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MUSIC: THE MOTIVATING RTI FOR GETTING AT-RISK MIDDLE SCHOOLERS FROM: SPED To: SUCCESSFUL RESPONSE Presented at 36 PowerPoint Presentation
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MUSIC: THE MOTIVATING RTI FOR GETTING AT-RISK MIDDLE SCHOOLERS FROM: SPED To: SUCCESSFUL RESPONSE Presented at 36 th Annual Convention of National Middle School Association Indianapolis, IN CEU code: FYO Co-Presenters: Joan Mallory, & Stuart Knapp

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slide1

MUSIC: THE MOTIVATING RTI FOR GETTING AT-RISK MIDDLE SCHOOLERS FROM: SPED To: SUCCESSFUL RESPONSE

Presented at

36th Annual Convention

of

National Middle School Association

Indianapolis, IN

CEU code: FYO

Co-Presenters:

Joan Mallory, & Stuart Knapp

Nyack College, Nyack, NY 10960

Phone: 845.675.4689 (Joan) or .4547 (Stuart)

Fax: 845.358.0874

joan.mallory@nyack.edu

stuart.knapp@nyack.edu

November 5, 200975 min (2:15-3:30) Wabash Ballroom 3

CEU code = FYO

Presenters: Mallory & Knapp

presentation outline
Presentation Outline

SECTIONPRESENTERTIME(min.)

  • Introduction Stuart 5
  • Fiddler Joan 10
  • Learning Climate/Culture Stuart 10
  • RTI with Music Joan/Stuart 20

Schubert’s Erlking

Harriet Tubman Poem

Guided Listening- A. Copland

  • Music & Math Joan 10
  • Music & Science Joan 10
  • Summary Stuart 5
  • Q & AJoan/Stuart5

Total time 75

Presenters: Mallory & Knapp

presentation goals rti music
Presentation Goals: RTI-Music
  • To share particulars strategies for enriching the K-12 curriculum with stimulating Music which links to “data-based instructional decisions” (Renaissance, 2009)
  • To provide depth and complexity to substance of lessons by linking Music with historical context of tier 1 subject matter
  • To help participants develop and share ideas for infusing Music into a range of tier 2 and 3 (progressively more intensive) interventions
  • To share insights and ideas with/from each other re: strategies for enriching the curriculum w/Music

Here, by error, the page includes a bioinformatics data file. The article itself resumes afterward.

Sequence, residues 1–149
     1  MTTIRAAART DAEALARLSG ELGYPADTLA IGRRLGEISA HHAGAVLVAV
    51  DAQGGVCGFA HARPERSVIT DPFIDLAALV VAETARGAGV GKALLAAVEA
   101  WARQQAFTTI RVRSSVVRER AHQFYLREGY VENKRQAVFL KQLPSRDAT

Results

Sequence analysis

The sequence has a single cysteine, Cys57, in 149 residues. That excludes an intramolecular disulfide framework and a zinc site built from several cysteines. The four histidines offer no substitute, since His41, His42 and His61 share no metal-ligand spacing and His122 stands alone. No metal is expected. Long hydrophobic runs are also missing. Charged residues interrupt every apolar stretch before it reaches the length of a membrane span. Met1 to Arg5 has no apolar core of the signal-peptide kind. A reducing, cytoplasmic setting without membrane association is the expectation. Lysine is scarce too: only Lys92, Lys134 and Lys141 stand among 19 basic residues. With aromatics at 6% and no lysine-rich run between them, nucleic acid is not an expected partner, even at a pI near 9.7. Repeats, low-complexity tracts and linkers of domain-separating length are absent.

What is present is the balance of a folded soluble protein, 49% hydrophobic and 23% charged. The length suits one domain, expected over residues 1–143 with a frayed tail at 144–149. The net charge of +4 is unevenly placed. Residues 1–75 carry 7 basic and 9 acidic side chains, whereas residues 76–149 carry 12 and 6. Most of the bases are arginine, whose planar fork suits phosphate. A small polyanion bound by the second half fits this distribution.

Presenters: Mallory & Knapp

rti with music as enhancer
RTI with Music as enhancer

Two Concepts That Generally Describe RTI

  • Tiered delivery model (intrinsic to RTI)
  • Curriculum-Based Measurements

(not so intrinsic)

Music can be integrated into both of these

Presenters: Mallory & Knapp

music the universal language
Music The Universal Language
  • Music the universal language flows from the heart,
  • Connecting us together rather than apart.
  • Once you learn to speak it all the world will hear,
  • That music the universal language is fluently spoken here!

Presenters: Mallory & Knapp

music does the following fiddler adapted from aleichen 1900 stein 2001 interactive
Music Does the Following…FiddlerAdapted fromAleichen, (1900); Stein, (2001)INTERACTIVE

Using the musical-Fiddler On The Roof, we will demonstrate how music:

  • Entertains
  • Records history
  • Makes social statements
  • Reflects contemporary scene
  • Evokes emotion

And how these factors can be integrated through other disciplines e.g. social studies, literature, etc.

Presenters: Mallory & Knapp

schubert s erlking interactive
Schubert’s Erlking INTERACTIVE

Five Approaches to Lieder

(simple to more complex)

  • Listening
  • Language
  • Drama
  • Poetry
  • Integration of #s 1-5